I have a problem accepting this. LoL!


Helen

 
 krs
 
posted on December 1, 2001 09:07:22 PM new
Thomas Jefferson wrote in comments about the conduct during war of some guy named Adams (coincidentally elected over Jefferson because of the behind the scenes purchase of sufficient votes by his father--a previous president) that:

"Our rulers will become corrupt, our people careless... the time for fixing every essential right on a legal basis is [now] while our rulers are honest, and ourselves united. From the conclusion of this war, we shall be going downhill. It will not then be necessary to resort every moment to the people for support. They will be forgotten, therefore, and their rights disregarded. They will forget themselves, but in the sole faculty of making money, and will never think of uniting to effect a due respect for their rights. The shackles, therefore, which shall not be knocked off at the conclusion of this war, will remain on us long, will be made heavier and heavier, till our rights shall revive or expire in a convulsion."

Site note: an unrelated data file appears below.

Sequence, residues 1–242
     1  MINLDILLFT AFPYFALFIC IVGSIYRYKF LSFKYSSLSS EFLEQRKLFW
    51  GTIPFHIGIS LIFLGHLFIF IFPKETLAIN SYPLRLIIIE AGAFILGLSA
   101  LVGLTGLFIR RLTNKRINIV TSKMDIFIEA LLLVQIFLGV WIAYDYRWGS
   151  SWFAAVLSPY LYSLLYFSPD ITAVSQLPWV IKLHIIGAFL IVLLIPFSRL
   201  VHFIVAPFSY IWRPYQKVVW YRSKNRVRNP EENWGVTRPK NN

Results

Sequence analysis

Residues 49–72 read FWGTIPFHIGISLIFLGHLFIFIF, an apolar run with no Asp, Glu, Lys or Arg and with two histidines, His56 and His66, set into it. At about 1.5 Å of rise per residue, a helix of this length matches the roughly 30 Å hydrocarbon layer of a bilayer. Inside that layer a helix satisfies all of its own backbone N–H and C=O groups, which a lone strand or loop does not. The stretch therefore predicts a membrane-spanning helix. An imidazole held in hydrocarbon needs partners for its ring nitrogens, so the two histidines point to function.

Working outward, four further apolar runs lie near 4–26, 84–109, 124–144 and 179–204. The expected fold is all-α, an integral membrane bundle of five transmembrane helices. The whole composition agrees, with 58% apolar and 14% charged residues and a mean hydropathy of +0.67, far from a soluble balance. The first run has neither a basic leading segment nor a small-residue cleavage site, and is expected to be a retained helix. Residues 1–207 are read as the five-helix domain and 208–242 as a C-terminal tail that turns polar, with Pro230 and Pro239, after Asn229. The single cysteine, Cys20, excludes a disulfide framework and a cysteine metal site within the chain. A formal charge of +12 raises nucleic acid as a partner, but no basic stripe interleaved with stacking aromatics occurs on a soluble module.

krs
 
posted on December 1, 2001 09:53:52 PM new
Thomas Jefferson wrote in comments about the conduct during war of some guy named Adams (coincidentally elected over Jefferson because of the behind the scenes purchase of sufficient votes by his father--a previous president) that:

"Our rulers will become corrupt, our people careless... the time for fixing every essential right on a legal basis is [now] while our rulers are honest, and ourselves united. From the conclusion of this war, we shall be going downhill. It will not then be necessary to resort every moment to the people for support. They will be forgotten, therefore, and their rights disregarded. They will forget themselves, but in the sole faculty of making money, and will never think of uniting to effect a due respect for their rights. The shackles, therefore, which shall not be knocked off at the conclusion of this war, will remain on us long, will be made heavier and heavier, till our rights shall revive or expire in a convulsion."